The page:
After a West Vancouver Police Department (WVPD) officer was targeted by an emerging mobile phone scam, the WVPD has issued a warning to citizens about this tech-based crime.
In a scam known as SIM swapping, fraudsters will steal personal information from mobile phones to access bank accounts or other personal data.
A fraudster impersonates a victim while calling a mobile service provider and will claim that their phone has been lost or stolen. The fraudster will then ask for their phone number (which is the victim’s phone number) to be ported, or transferred, to a new SIM card on a new device, which the fraudster possesses. (The transfer can be done remotely, without the phone or SIM card physically present.)
After the transfer, the fraudster will download apps (for things like online banking, social media, email, and more) and will select the “forgot password” option on all of them.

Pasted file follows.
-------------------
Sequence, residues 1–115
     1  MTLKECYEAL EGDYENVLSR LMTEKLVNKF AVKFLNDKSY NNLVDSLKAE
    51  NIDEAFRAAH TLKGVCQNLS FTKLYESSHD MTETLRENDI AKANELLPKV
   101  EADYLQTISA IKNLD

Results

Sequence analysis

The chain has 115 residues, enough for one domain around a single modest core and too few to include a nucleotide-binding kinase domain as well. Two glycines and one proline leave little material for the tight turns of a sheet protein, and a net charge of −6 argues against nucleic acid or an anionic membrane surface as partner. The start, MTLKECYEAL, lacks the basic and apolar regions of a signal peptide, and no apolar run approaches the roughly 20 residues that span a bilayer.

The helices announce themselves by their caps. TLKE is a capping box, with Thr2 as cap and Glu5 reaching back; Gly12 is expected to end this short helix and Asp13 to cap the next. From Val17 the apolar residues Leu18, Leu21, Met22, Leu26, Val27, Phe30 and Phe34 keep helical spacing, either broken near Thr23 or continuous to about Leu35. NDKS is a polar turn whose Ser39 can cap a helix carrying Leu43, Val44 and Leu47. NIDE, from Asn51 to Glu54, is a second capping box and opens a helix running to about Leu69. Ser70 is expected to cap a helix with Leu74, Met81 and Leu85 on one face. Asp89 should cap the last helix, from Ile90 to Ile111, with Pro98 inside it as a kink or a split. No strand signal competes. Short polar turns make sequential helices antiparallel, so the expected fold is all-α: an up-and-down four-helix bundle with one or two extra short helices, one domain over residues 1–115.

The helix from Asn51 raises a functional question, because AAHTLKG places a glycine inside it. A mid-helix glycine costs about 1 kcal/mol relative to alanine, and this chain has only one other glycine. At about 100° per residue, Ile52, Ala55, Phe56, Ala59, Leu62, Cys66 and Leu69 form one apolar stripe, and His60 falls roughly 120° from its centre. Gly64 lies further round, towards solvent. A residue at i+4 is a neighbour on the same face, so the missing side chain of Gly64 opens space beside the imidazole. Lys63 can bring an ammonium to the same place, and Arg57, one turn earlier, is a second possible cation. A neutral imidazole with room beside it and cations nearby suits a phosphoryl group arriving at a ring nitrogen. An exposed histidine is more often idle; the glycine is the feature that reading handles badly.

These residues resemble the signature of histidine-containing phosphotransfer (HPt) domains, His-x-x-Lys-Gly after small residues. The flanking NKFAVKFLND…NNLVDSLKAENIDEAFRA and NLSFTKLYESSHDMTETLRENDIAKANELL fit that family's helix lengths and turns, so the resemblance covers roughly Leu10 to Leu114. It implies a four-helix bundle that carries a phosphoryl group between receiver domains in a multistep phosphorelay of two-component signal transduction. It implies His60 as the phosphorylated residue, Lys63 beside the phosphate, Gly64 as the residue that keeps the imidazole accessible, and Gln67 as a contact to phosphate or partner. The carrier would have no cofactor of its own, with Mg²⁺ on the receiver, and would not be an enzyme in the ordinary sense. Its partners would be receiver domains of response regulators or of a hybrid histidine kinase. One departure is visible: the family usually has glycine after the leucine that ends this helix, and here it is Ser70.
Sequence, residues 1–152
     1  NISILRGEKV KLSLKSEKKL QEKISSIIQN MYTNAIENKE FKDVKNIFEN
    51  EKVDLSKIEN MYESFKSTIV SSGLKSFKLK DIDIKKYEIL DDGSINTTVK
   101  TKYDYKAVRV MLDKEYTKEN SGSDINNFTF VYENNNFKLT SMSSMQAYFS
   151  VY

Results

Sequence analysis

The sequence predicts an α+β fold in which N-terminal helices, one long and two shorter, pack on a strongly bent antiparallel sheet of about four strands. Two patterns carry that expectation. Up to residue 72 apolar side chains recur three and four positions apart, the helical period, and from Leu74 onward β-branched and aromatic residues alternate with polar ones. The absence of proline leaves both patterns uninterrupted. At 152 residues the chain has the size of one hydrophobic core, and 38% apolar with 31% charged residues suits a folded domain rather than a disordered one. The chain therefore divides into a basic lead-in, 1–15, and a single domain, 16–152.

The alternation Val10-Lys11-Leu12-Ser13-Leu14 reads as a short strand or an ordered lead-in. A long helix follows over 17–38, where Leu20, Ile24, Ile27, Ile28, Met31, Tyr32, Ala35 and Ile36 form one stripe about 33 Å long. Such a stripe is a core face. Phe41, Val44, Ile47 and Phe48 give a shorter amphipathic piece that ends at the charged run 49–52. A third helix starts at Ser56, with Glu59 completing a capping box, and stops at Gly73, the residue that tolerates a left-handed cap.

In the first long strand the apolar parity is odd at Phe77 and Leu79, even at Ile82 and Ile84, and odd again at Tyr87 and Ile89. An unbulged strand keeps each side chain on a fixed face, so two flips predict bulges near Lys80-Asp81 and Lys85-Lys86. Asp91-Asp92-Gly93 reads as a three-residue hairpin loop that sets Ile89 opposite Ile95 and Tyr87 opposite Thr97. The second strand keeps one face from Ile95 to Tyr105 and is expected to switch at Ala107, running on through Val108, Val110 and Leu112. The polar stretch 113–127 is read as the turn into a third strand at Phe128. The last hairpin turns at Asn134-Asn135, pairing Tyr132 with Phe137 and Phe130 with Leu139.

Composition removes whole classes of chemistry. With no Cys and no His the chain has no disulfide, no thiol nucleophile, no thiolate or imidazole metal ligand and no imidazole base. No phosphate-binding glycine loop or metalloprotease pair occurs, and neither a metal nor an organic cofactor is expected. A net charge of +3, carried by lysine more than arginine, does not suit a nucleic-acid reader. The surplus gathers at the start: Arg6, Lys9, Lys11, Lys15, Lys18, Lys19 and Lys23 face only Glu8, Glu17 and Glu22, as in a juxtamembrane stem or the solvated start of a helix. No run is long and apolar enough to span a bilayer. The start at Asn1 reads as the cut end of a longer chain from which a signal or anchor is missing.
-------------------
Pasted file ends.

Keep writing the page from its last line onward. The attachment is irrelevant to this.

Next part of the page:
If an account is connected to a phone number or email address, the fraudster will receive a verification code on the new device. They will use the code to confirm ownership of the account, create a new password, and take over the victim’s accounts, gaining access to personal information.
WVPD communications officer Cst. Kevin Goodmurphy was targeted by this scam but managed to avoid being defrauded of thousands of dollars.
Accordingly, to avoid falling victim to this scam, the WVPD offers the following tips:
- keep all personal information personal, such as avoid publishing your date of birth on social media;
- don't answer phishing emails or text messages asking to confirm a password or update account information;
- use an offline password manager;
- contact a phone provider and ask about additional security measures that may be available;
- if you lose mobile service on your device, contact a service provider immediately.
Anyone who may have fallen victim to this scam can contact the WVPD non-emergency line at 604-925-7300 or report anonymously to Crime Stoppers by calling 1-800-222-8477. Anyone in an emergency should call 911.
More information is available at the Canadian Anti-Fraud Centre.